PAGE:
Bill Clinton advises Trump to ignore impeachment: 'You got hired to do a job'

Former President Clinton (D) on Thursday advised President TrumpDonald John TrumpLawmakers prep ahead of impeachment hearing Democrats gear up for high-stakes Judiciary hearing Warren says she made almost M from legal work over past three decades MORE to leave fighting impeachment to his staff and focus on his agenda.

"My message would be, look, you got hired to do a job," Clinton said during a phone interview with CNN. "You don't get the days back you blow off. Every day is an opportunity to make something good happen.

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"And I would say, 'I've got lawyers and staff people handling this impeachment inquiry, and they should just have at it,'" he continued. "Meanwhile, I'm going to work for the American people. That's what I would do."

Clinton is in a rare position to offer insight on how Trump might handle the prospect of impeachment, given the GOP-controlled House impeached the former Democratic president in 1998.

The House held its first public hearings on Wednesday in its impeachment inquiry into allegations that Trump pressured a foreign government to investigate a domestic political rival.

While Clinton managed to approve legislation and work through an agenda throughout his impeachment process, Trump has said multiple times he will not work with Congress while the Democratic-controlled lower chamber investigates him. That posture has thrown into jeopardy the president's efforts to pass a trade deal and approve legislation to lower drug pricing, among other items.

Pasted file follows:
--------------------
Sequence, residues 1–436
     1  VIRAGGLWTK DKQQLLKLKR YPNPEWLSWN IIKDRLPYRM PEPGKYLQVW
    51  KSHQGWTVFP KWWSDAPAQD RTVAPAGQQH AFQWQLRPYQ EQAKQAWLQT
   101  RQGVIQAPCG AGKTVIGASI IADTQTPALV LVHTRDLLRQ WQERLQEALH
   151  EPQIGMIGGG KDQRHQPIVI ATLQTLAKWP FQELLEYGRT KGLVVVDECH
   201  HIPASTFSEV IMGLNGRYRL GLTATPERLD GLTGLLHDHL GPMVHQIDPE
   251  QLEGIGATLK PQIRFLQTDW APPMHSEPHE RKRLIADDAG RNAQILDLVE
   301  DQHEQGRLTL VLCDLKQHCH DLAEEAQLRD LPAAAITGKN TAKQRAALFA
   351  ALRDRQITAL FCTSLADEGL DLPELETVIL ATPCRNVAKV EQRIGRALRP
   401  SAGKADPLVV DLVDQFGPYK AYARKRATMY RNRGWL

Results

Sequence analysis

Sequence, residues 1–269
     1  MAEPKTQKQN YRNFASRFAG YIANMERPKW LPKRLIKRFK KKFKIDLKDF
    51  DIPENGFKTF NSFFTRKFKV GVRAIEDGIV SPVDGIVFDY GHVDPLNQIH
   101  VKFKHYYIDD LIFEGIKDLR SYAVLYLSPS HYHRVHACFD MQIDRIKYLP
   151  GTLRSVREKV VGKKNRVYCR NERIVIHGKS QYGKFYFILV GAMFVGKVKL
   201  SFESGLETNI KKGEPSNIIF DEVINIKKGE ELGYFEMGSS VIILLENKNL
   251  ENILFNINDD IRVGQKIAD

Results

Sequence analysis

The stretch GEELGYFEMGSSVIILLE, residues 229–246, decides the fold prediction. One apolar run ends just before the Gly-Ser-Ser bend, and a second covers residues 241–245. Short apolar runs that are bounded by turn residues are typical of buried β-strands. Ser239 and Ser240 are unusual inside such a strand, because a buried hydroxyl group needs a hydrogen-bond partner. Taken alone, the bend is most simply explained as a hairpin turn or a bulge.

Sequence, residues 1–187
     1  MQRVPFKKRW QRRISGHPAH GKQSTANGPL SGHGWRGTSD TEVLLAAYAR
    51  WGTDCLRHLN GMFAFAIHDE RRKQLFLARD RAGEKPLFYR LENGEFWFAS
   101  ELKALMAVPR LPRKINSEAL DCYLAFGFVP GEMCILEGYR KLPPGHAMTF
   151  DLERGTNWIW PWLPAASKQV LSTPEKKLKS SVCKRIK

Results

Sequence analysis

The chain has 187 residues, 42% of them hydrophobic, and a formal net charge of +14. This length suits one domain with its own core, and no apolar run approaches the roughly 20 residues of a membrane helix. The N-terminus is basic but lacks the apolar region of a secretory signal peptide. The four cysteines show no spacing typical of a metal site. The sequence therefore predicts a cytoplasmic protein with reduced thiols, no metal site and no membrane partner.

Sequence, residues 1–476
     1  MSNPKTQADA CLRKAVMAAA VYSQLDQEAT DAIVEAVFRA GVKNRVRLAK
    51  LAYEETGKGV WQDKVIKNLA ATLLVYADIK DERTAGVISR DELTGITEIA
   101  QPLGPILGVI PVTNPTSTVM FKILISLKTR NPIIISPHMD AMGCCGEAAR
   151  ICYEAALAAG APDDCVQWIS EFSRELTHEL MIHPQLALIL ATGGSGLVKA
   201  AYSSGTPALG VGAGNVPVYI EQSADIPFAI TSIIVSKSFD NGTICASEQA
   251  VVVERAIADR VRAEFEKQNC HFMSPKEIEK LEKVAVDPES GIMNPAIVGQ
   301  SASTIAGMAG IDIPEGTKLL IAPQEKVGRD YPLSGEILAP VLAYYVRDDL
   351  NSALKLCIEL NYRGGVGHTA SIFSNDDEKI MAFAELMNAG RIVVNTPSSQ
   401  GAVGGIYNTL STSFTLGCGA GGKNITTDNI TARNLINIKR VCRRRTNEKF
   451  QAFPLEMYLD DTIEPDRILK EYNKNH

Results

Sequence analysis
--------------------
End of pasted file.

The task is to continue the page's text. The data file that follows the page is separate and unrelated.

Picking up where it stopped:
Clinton phoned in to CNN on Thursday to discuss a shooting at a southern California high school that left two dead and multiple people injured. The incident is the latest in a string of school shootings that have unfolded with increasing regularity in recent years.

The former president signed off on an assault weapons ban in 1994 that has since expired, and he was critical of Republicans in Congress and the Trump administration for failing to address the surge in mass shootings.

"I mean, I think what happened was — [Trump] did indicate a couple times he might go along with this and then obviously the gun lobby got ahold of him and pulled him back," Clinton said. "But at some point, you know, denial is no longer an option. And Congress is basically in denial of the consequences of doing nothing. Or at least the people who are opposed to it."

The Trump administration had been in talks with lawmakers earlier this year in the aftermath of back-to-back mass shootings in El Paso, Texas, and Dayton, Ohio. While Trump expressed openness to stronger background checks, talks eventually fell by the wayside.

Attorney General William BarrWilliam Pelham BarrFive things to watch in Russia probe review Trump, GOP shift focus from alleged surveillance abuse to Durham Russia probe Trump: Giuliani to deliver report on Ukraine trip to Congress, Barr MORE on Wednesday announced an initiative focused on more rigorously prosecuting gun crimes. Asked about the potential for congressional action on gun violence, Barr told reporters that negotiations had been sidelined because of impeachment.

“That’s just an excuse," Clinton said Thursday.

He advocated for reinstating an assault weapons ban, or at least a clean background check bill that would take advantage of modern technology. Clinton argued that Democrats are unlikely to face the electoral consequences they did in the 1990s given the growing enthusiasm around the issue.

“If you’re just worried about the naked politics, it’s at least a wash," he said. "And people should instead do what’s right for the children.”